On Saturday, April 28, “Spicing Up Sci-Fi: The Dunes Strike Back” will bring science-fiction writers, artists, editors, and critics together to discuss “hybrid perspectives on sci fi”:
The Saturday, April 28 event will start at 2 pm. Tickets are £5, although the next person to support ArabLit on Patreon — at any amount from $1 — can have two free tickets.
It will be held at the British Library on Euston Road, chaired by journalist and commentator, Faisal Al Yafai.
The panel features:
• “Nafeez Ahmed, a best-selling British investigative reporter, international security analyst and author of Zero Point, a political science-fiction thriller featuring mass riots, blackouts, financial meltdown and a new oil war in Iraq to keep the world economy afloat.
• “Soren Lind, scriptwriter and co-director, will present a UK debut of the plot for In Vitro, a forthcoming CGI post-apocalyptic dystopia set in Bethlehem, co-directed with Palestinian filmmaker and artist Larissa Sansour.
• “Beaming up to join the panel from the United Arab Emirates is Noura Al- Noman, acclaimed author of the Ajwan space saga – a Young Adult book series causing a sensation in the Arabic speaking world.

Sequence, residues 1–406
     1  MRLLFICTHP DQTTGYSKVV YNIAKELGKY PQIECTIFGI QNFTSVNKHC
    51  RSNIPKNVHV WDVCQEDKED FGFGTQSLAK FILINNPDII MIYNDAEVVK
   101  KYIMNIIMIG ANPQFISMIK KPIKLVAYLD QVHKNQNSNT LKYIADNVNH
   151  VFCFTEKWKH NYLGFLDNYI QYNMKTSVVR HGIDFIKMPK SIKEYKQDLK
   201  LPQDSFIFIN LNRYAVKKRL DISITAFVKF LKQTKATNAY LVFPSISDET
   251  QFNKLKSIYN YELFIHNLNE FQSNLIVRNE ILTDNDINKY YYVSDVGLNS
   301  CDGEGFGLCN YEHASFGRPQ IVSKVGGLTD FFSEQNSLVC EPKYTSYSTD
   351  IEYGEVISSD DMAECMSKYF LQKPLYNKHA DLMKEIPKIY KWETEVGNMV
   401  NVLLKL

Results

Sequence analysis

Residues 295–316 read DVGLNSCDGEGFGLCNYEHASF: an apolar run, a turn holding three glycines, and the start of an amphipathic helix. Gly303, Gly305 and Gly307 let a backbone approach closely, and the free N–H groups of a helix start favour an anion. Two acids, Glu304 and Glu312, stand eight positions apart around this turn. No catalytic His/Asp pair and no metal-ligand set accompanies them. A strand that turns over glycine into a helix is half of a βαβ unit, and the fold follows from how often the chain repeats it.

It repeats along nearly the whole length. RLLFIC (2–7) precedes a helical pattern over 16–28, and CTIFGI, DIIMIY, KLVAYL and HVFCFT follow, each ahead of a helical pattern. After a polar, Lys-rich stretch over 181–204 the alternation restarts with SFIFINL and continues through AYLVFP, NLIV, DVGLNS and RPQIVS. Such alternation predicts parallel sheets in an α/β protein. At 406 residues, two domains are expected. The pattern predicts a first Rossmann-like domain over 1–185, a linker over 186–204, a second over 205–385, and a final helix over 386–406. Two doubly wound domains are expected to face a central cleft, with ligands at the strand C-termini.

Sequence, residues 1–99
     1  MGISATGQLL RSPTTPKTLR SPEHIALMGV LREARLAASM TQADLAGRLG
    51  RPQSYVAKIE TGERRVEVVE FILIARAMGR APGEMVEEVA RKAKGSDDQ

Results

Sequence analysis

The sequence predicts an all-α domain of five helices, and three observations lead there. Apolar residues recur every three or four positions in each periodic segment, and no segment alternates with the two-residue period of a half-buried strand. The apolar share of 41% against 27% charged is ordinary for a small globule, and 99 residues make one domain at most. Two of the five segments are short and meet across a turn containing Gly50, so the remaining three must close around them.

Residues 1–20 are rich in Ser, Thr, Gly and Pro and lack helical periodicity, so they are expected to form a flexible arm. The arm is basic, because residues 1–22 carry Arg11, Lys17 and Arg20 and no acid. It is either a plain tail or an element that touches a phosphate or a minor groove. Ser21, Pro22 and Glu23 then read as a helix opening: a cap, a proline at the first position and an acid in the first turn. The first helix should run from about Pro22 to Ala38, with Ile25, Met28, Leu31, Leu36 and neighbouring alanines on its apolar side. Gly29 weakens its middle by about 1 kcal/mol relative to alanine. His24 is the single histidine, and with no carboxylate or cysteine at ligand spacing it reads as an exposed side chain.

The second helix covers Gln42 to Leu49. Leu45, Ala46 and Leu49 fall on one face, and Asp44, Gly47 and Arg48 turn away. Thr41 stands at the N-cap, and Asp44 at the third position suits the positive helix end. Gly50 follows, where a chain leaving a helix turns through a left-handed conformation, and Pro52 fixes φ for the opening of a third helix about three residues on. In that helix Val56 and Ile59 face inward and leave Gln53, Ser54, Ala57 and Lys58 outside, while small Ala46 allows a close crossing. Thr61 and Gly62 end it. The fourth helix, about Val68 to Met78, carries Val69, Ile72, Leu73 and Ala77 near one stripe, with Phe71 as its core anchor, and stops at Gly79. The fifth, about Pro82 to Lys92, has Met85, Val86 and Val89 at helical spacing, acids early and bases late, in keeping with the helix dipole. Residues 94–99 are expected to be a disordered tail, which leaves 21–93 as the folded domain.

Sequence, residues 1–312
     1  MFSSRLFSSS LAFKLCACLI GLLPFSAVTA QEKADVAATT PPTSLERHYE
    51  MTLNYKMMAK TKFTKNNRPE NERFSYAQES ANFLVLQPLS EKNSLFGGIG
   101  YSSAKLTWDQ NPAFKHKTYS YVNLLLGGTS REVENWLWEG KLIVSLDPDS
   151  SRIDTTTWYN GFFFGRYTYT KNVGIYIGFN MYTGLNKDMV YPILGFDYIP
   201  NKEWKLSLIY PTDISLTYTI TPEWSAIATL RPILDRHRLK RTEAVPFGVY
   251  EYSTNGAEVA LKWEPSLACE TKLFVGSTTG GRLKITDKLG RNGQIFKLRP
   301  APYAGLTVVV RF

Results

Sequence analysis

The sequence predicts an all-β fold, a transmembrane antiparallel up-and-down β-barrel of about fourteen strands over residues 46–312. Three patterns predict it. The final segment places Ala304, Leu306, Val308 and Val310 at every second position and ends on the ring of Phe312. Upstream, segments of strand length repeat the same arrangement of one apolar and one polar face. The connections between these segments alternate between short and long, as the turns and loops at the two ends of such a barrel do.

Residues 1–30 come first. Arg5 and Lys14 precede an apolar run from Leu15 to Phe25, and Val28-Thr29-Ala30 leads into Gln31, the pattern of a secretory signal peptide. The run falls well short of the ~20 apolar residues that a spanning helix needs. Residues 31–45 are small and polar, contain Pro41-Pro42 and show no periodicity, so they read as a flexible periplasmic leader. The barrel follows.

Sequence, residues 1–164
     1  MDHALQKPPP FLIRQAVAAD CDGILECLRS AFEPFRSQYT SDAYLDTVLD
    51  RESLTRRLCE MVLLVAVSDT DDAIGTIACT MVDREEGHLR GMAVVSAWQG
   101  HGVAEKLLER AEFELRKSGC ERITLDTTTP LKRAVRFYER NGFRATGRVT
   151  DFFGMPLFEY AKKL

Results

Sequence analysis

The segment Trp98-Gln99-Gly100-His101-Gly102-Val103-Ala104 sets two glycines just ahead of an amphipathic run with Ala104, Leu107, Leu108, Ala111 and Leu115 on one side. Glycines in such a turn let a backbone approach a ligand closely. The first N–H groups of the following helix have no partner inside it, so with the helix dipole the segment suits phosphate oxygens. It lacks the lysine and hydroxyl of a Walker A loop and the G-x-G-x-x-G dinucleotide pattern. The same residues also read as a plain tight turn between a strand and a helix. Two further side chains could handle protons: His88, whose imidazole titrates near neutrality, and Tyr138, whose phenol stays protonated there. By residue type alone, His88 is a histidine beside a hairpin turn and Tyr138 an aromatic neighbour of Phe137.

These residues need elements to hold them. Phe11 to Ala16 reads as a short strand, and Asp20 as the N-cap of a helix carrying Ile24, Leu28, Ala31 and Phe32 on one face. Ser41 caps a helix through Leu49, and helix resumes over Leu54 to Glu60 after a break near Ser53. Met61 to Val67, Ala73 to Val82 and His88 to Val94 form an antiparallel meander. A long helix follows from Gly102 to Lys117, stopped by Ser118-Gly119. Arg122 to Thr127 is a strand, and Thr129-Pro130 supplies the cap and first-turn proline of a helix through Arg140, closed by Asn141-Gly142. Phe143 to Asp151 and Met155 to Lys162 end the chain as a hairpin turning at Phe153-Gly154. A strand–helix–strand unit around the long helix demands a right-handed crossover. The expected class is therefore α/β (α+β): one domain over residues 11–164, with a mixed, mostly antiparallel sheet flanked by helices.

•” Panel luminaries also include Naomi Foyle, author of The Gaia Chronicles, an eco-science fantasy quartet set in a post-fossil fuel Mesopotamia.
The conversation begins around the classic Frank Herbert novel Dune, which, organizers note, is:
Loaded with Islamic etymology, Dune contains an abundance of concepts derived from Arabic references such as the Butlerian Jihad (a human struggle against computers, thinking machines and conscious robots); Bene Gesserit (an ancient school of mental and physical training established primarily for female students after the Buterian Jihad destroyed the so called ‘thinking machines’ and robots; Sayyadina (women of the ‘Freman’ religious hierarchy); Jubba Cloak (a protective garment that can reflect or absorb radiant heat worn by the people of Arrakis (a futuristic desert planet); Ruh-Spirit (a ‘Freman’ belief that individuals are rooted in and capable of sensing the metaphysical world); and Mahdi (the one who will lead the ‘Freman’ to paradise).
Al-Noman, both an author and publisher, recently secured the rights to bring out Dune in Arabic.
Categories: science fiction